Chiefs' Hill tosses three-hit shutout

Nationals right-hander fans five in first nine-inning complete game

Taylor Hill is tied for third in the International League in wins and ranks 10th in ERA. (Syracuse Chiefs)

By Jake Seiner / | May 4, 2014 4:50 PM ET

With winds gusting up to 30 mph at his back, Taylor Hill had a pretty good idea how Syracuse's matchup against Toledo on Sunday was going to go.

"If they can hit it out in that wind, I'll tip my cap to them," he said. "Their pitchers did the same thing. The only way either team would get beat is if they walked guys."

So the 25-year-old right-hander pounded the strike zone with fastballs and let the Mud Hens hack away into the stiff breeze. The result was the first nine-inning complete game of his pro career and a 1-0 International League victory.

"I just threw a lot of fastballs," Hill said. "I knew the wind was blowing in. It was a weird day pitching-wise. The wind was blowing in and it was hard to get a grip on a lot of my off-speed pitches. They were swinging early and, fortunately, hitting right at guys."

Hill (4-1) allowed three hits, all in first three innings. He retired 17 straight Mud Hens, a streak that ended on a Syracuse error, a threw 102 pitches.

Toledo's Daniel Fields opened the game with a ground-ball single but was quickly erased on a double play. Hill allowed two more singles in the third, a one-out grounder by Brandon Douglas and a two-out liner by Fields. The 25-year-old used his leather to escape the jam -- nothing new for the 2013 Rawlings Minor League Gold Glove Winner -- by snagging Hernan Perez's comebacker for the third out.

Perez's liner was the first of 17 consecutive outs recorded by Hill, who had a four-pitch fourth inning. Fields snapped the streak in the ninth, chopping a grounder up the middle that was misplayed by shortstop Emmanuel Burriss for an error.

Working with a man on for the first time since the third inning, Hill induced a fielder's choice from Perez before walking Jordan Lennerton. With two on and two out, he struck out Mike Hessman on a fastball.

"My main thing going out there is to see the least amount of time I can stay on the mound," Hill said. "Every pitcher's goal is to go out and throw a complete game. It's something you want to do, but it doesn't always work out."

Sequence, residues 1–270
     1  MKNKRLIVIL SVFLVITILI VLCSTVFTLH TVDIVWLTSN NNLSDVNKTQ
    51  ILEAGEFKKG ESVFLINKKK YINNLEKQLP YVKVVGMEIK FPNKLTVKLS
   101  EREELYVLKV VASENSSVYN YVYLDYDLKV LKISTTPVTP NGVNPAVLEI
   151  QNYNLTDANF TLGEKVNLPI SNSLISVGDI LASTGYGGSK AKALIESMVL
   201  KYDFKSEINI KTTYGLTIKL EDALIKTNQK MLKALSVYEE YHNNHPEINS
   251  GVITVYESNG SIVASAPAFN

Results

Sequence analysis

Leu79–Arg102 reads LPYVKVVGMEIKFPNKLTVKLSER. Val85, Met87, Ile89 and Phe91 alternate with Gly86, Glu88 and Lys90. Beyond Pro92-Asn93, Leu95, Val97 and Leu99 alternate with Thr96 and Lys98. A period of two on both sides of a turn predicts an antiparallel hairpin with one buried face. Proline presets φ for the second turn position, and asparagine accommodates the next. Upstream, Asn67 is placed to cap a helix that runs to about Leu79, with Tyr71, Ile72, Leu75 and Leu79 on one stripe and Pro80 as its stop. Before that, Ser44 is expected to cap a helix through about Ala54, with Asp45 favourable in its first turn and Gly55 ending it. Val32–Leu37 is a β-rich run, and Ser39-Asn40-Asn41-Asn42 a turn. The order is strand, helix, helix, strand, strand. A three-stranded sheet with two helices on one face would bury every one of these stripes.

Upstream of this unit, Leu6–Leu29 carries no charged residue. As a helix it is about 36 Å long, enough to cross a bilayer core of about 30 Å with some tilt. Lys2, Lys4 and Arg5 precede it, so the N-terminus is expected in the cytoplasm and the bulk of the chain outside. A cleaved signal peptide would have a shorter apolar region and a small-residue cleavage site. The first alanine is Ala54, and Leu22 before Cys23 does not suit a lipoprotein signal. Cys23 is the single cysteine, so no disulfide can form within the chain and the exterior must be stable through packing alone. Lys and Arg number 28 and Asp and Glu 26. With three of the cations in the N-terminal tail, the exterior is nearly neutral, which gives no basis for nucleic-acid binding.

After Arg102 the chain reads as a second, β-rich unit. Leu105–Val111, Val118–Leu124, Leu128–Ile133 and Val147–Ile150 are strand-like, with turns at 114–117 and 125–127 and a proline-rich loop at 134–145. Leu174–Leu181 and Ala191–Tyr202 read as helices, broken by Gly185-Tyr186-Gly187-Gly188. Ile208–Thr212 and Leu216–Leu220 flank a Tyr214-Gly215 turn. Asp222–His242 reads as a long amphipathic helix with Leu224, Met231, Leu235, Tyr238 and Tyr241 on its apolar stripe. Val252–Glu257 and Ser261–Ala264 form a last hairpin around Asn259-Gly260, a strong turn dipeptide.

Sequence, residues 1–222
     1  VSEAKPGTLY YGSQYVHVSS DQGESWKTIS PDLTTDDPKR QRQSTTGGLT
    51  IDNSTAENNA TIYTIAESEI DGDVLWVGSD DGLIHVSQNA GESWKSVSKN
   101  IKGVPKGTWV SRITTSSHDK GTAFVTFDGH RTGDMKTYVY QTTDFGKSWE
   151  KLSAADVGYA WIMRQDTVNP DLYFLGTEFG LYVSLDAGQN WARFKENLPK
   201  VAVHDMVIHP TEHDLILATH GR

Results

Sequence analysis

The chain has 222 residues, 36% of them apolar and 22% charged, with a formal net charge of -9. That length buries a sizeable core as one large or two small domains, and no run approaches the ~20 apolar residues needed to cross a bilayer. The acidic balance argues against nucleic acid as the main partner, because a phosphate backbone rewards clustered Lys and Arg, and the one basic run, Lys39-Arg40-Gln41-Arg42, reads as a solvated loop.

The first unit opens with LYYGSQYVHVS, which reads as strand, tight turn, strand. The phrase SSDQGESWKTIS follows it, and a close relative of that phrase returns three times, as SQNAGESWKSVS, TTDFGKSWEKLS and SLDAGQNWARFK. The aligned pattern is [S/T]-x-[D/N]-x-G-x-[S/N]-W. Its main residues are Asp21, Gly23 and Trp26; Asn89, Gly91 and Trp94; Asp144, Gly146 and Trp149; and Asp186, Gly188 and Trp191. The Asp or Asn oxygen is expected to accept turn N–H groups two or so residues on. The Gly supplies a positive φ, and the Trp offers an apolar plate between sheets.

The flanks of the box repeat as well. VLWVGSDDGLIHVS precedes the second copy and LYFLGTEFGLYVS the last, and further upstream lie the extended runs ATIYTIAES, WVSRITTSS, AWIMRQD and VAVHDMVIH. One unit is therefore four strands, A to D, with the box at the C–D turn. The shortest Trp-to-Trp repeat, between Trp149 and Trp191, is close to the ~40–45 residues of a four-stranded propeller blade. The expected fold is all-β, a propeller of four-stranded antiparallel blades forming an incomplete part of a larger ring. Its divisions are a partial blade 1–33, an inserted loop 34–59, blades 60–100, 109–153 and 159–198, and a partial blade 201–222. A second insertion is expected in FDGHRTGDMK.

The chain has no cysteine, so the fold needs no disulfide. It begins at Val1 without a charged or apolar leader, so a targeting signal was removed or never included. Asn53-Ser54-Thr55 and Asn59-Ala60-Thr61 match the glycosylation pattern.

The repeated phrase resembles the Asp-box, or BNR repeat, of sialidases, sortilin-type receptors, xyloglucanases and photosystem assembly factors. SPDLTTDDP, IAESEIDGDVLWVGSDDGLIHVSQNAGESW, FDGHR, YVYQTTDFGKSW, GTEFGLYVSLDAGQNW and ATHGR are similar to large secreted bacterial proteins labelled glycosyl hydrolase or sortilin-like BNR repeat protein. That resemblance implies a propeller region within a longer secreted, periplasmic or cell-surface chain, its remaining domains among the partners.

The Vanderbilt product was a 2011 sixth-round selection and has climbed steadily through the Nationals system. He's shown stellar control this season, which is not a new trend. He entered Sunday averaging 1.7 walks per nine innings over his Minor League career, including 1.2 per nine through his first five starts this year.

Where Hill has taken a step forward is his ability to strike hitters out. He entered the day with 8.5 strikeouts per nine innings this season after averaging 5.7 last year across three Minor League levels.

The Tennessee native credited the extra swings and misses to improved command, specifically of his off-speed pitches. He throws a changeup, slider and curve, and while he estimated he threw fewer than 15 off-speed pitches against Toledo, those offerings have been the key to his early success.

"Being able to throw my off-speed pitches for strikes when I need to," Hill said. "I wasn't able to do that in the past as frequently as I would've liked. Our pitching coach here, Paul Menhart, as well as the guys in Spring Training, we've been working on different stuff. Just being able to throw that off-speed for strikes, get that in the hitters' minds, then throw the fastball where I want it when they're not looking for it."

Jhonatan Solano snapped a scoreless deadlock in the seventh, when he greeted reliever Mike Belfiore (1-2) with his fourth homer of the season and third in seven games.

Jake Seiner is a contributor to Follow him on Twitter at @Jake_Seiner. This story was not subject to the approval of the National Association of Professional Baseball Leagues or its clubs.

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